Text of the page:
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Speakers offer advice on financial security and wealth building for women

Commission on the Status of Women event promotes planning ahead for retirement and sharing intergenerational wisdom

by Darla Carter | Presbyterian News Service

Photo via Pixabay

LOUISVILLE — Women should consider their life expectancy — and the fact that they tend to live longer than men do — when thinking about and planning for their financial futures.

Those were some of the takeaways from “Empowering Older Women as Consumers,” a virtual event held in conjunction with the 68th session of the Commission on the Status of Women. The March CSW68 summit included delegates from the Presbyterian Church (U.S.A.) and Presbyterian Women as well as women from around the world.

The empowerment webinar was among the scores of parallel events held in person and online during CSW68. It featured Dr. Suzanne Shu, a Cornell University marketing professor in the SC Johnson College of Business, and Dr. Charlene Dadzie, an associate professor of marketing and quantitative methods in the Mitchell College of Business at the University of South Alabama.

Shu, a faculty research fellow with the National Bureau of Economic Research, used a life expectancy tool to provide an estimate of how many years a 65-year-old woman might need to plan ahead for. Though the hypothetical woman’s expected age of death is 87, “this woman has a probability of living to age 90 of 40%,” and could live past 100, Shu said during the webinar, which was sponsored by the International Association for Gerontology and Geriatrics and the NGO Committee on Ageing.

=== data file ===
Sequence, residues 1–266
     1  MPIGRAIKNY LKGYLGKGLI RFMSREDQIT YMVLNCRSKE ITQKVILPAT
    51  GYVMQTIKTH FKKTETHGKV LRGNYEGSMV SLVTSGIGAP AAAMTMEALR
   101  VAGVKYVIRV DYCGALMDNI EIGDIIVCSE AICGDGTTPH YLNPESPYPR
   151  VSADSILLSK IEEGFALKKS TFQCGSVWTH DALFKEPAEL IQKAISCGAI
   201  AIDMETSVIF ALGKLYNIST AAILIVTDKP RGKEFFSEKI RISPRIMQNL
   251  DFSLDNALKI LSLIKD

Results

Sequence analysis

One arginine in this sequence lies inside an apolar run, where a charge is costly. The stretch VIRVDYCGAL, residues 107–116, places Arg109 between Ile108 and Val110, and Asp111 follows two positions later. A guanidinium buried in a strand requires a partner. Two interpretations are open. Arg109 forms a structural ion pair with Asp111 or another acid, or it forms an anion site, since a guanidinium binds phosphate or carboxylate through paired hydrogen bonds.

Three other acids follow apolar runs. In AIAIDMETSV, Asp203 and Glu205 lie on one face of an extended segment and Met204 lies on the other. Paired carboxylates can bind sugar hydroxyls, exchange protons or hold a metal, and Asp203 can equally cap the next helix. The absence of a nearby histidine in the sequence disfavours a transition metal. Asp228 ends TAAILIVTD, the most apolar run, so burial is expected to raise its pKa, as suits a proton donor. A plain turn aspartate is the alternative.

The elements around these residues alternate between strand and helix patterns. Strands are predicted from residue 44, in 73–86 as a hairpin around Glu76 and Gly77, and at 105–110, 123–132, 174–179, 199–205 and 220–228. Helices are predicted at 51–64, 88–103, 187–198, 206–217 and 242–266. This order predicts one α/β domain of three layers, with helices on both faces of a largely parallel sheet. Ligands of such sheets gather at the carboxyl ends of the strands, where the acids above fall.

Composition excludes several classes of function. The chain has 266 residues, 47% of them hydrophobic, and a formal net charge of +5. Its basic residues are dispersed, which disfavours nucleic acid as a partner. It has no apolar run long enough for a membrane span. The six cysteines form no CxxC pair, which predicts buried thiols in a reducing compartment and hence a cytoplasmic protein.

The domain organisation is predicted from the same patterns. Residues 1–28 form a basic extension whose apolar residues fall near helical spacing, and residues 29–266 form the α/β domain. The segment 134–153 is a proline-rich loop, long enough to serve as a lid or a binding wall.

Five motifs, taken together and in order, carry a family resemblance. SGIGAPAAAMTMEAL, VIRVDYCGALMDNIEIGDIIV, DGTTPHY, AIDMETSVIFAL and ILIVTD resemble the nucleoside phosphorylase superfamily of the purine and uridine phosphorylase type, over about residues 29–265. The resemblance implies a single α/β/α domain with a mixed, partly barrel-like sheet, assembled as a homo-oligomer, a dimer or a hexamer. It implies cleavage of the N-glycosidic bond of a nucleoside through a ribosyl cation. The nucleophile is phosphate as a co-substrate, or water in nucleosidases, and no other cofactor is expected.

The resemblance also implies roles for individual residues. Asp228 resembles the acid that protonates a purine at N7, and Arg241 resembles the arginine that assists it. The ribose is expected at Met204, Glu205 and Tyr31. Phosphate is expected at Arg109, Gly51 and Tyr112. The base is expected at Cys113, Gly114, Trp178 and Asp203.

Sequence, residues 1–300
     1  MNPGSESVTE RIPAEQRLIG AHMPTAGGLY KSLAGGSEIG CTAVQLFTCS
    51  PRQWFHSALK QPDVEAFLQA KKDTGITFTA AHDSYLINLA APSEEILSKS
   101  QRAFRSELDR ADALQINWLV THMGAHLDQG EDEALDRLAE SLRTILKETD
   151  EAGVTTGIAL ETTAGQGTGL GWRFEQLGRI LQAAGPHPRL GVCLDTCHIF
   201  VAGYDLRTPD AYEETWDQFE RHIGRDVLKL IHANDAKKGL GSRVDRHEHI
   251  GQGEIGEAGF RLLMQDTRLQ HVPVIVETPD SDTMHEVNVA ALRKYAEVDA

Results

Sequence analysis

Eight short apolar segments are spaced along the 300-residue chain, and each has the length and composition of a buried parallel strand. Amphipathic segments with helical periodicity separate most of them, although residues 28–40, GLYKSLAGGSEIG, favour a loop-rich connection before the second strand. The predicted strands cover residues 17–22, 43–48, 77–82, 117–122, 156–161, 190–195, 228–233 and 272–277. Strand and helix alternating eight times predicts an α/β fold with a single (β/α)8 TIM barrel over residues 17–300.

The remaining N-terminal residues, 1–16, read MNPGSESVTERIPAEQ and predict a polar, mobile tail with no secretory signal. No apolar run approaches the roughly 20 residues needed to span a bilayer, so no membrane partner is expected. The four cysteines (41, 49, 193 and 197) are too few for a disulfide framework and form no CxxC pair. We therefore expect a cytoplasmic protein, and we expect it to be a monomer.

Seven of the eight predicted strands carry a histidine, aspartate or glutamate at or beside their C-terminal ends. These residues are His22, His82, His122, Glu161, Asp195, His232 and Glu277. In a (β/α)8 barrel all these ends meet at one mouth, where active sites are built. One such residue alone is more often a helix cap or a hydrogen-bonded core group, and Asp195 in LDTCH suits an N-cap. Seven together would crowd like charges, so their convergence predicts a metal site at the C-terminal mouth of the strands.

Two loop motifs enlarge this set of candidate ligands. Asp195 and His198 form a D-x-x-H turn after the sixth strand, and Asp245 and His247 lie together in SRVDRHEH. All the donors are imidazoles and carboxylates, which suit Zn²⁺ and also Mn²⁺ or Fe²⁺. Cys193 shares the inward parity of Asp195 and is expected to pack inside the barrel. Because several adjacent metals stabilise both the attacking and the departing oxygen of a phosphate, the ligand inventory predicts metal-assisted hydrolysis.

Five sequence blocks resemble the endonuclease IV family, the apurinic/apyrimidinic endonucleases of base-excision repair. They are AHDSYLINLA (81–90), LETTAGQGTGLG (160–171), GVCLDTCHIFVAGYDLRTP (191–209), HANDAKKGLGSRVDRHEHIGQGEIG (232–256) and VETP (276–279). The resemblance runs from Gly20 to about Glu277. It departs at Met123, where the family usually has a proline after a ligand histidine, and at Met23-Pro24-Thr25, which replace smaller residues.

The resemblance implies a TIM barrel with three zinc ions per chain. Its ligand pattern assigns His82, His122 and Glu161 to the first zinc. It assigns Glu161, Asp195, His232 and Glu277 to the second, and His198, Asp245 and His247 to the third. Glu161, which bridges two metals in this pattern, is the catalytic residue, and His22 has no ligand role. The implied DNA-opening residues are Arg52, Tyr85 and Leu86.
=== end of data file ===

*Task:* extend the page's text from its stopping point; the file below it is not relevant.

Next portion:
With those statistics in mind, “she needs to be planning for a retirement or a time without income, really, of 30, 40 years, and that’s a long time to try to survive on either the safety nets or on retirement savings,” Shu said. “What are you going to do when you’re 100 years old? Where are you going to live? Where’s your income going to come from? Do you have family that’s going to be there to provide support? … If she has one, her husband may or may not be thinking that far ahead because his own life expectancy is much shorter.”

Dr. Suzanne Shu

Shu lamented that more women don’t feel confident to make decisions about investing and other financial topics that can affect their futures.

“For generations, women have handled household bank accounts and spending and budgets and things like that, and they’re entrepreneurs and they can run small businesses, and yet, if you ask them, ‘Do you want to sit down and figure out what to do with your investments or your retirement planning?,’ a lot of women will, again, defer to a spouse or defer to someone else and feel like they’re not competent to do that,” Shu said. “And that, to me, is a tragedy because I absolutely know that they can do that.”

Though attitudes are changing among some of the younger generations, “I think there’s still this persistent undercurrent, especially for the women who are facing retirement right now, that they just don’t feel like they’re comfortable with those decisions,” Shu said.

Being knowledgeable and talking through scenarios and tradeoffs is important because wrong decisions can be costly. There are choices to be made even when it comes to Social Security.